In an article in the June edition of Civil Engineering magazine titled “Out on a Rib”, Pillay claimed investment in women in the field needed rethinking because they were more predisposed to work in caring and people-oriented careers.
Pillay quoted a study by Leeds Beckett School of Social Sciences and the University of Missouri which said that women at a certain age “prefer to work part-time or dedicate themselves completely to child rearing or pursuing other meaningful exploits generally related to caring”.
He further wrote that in cases where women and men do the same amount of work but are not paid equally, it was because women are “agreeable”. “Stop being agreeable when negotiating pay,” he said.
Following the uproar over his comments, Pillay apologised. The SAICE has accepted his apology and said he could keep his position.
After the article was published, the SAICE board held an emergency meeting to discuss the matter.
SAICE president Errol Kerst said: “While the publication of Pillay’s article was unfortunate, we cannot ignore his invaluable contribution to SAICE and the broader engineering sector over the past eight years.
“The board has accepted his apology and his acknowledgement of the public furore this has caused.
“The board regrets the publication of Pillay’s article. Additional steps have been put in place internally to ensure that this does not happen again.”
The SAICE had initially distanced the institution from the article.
Pillay has been forgiven despite pressure from WomEng, a lobby organisation for women engineers that has started an online petition demanding that he be fired for his discriminatory views to set an example for other men in the industry. The petition has been signed by nearly 1400 people.
Reacting to Pillay being forgiven, WomEng said: “SAICE has let the engineering fraternity down by its failure to take action against him and his openly discriminatory rhetoric. Valuing the contribution that Pillay has made to SAICE in the past over the grave damage he has done with his current commentary has exposed just how deep the sexism and misogyny within the industry is embedded.”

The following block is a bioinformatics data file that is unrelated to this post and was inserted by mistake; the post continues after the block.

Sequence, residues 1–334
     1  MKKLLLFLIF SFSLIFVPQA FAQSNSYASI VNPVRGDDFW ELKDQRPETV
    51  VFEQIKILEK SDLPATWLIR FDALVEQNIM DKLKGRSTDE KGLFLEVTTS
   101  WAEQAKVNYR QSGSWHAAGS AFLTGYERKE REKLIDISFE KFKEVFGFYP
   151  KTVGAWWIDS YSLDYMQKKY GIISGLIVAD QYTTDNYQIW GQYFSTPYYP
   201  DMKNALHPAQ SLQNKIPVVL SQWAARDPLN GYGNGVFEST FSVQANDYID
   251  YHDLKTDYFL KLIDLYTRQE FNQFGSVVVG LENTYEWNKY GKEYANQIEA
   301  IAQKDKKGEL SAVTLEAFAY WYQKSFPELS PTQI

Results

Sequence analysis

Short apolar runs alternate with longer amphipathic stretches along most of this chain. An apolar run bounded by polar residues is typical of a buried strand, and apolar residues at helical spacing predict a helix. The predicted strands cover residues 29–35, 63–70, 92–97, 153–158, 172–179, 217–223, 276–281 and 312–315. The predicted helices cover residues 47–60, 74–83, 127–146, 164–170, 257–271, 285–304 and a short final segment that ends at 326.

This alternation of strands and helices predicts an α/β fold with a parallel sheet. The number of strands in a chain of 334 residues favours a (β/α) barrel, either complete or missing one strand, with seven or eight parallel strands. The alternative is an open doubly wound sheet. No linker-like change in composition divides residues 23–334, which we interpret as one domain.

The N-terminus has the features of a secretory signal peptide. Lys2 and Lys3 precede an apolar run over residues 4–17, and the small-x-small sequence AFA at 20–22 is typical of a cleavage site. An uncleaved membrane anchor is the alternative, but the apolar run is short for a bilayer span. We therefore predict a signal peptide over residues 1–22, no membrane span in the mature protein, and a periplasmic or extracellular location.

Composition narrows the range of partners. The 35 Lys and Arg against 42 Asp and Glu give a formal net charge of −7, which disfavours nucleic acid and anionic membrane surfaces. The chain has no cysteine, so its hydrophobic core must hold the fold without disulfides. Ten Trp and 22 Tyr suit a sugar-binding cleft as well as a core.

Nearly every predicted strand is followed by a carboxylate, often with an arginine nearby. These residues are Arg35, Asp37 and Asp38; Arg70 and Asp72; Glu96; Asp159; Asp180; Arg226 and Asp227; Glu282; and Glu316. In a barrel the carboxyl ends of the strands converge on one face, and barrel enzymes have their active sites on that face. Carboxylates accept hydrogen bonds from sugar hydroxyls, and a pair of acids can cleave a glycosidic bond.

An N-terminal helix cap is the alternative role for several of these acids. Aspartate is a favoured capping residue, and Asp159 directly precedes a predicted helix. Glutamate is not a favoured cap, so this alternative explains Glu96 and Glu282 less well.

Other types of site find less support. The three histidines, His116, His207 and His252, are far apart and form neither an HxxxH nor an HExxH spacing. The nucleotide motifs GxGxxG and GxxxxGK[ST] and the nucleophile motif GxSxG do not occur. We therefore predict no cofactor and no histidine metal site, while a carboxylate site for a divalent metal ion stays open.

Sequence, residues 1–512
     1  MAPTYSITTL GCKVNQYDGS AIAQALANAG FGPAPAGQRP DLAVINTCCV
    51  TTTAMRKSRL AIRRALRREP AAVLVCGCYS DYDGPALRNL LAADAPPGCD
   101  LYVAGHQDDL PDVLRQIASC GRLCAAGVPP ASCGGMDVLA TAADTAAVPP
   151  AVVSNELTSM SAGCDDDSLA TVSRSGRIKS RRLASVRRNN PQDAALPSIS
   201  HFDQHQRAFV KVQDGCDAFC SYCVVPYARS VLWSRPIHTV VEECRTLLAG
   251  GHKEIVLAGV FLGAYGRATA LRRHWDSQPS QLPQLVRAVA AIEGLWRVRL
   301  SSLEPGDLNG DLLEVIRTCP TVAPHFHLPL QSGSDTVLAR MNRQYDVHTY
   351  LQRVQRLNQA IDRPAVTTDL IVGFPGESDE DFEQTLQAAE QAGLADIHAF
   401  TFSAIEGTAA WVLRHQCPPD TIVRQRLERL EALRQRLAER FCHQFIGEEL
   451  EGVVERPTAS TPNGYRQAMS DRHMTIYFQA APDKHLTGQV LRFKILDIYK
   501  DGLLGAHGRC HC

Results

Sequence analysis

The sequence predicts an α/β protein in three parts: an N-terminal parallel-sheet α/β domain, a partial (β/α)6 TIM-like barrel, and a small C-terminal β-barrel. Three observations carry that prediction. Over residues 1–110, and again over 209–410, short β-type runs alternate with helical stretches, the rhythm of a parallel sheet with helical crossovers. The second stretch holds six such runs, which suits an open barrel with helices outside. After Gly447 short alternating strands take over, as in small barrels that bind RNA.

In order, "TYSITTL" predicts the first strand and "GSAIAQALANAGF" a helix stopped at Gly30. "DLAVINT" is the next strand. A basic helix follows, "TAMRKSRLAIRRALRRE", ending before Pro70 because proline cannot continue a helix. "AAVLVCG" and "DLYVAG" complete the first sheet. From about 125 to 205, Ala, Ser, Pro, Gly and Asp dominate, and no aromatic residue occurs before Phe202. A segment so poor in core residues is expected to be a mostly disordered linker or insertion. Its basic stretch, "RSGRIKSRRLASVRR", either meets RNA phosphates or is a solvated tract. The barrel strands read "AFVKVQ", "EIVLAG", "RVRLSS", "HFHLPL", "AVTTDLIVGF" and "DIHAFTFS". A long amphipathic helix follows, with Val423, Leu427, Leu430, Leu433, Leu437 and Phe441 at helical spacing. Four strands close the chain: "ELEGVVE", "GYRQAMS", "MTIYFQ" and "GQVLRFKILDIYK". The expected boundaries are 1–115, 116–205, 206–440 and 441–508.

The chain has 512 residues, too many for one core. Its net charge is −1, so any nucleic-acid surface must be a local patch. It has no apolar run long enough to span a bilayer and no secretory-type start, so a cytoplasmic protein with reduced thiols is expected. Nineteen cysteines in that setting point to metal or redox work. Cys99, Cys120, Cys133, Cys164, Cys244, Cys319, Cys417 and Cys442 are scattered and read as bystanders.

Consulting firm Aurecon has also written an open letter to SAICE slamming Pillay. In the letter, Aurecon managing director Ferdi Nell said: “We believe the article published under your organisation’s name is extremely damaging to our reputation as engineers and is also insensitive to the ongoing challenges that women engineers face. The article stereotypes women by presenting them as soft and caring, yet ultimately ill-suited for roles that are technically and managerially demanding.
“It also stereotypes men who by implication are presented as less caring and less suitable for parenting or people-oriented careers. It justifies unequal pay, despite codes and legislation prohibiting discriminatory practices in the workplace.
“We are worried that so few females are involved in STEM in South Africa and the broader African continent. Based on our experience and as research shows in many organisations, a more diverse workforce results in more creativity, a broader perspective on potential solutions and excellent technical outcomes. As a profession and industry, we should be doing all that we can to increase the number of women, and many other people who have been previously excluded from STEM, by making STEM more attractive.”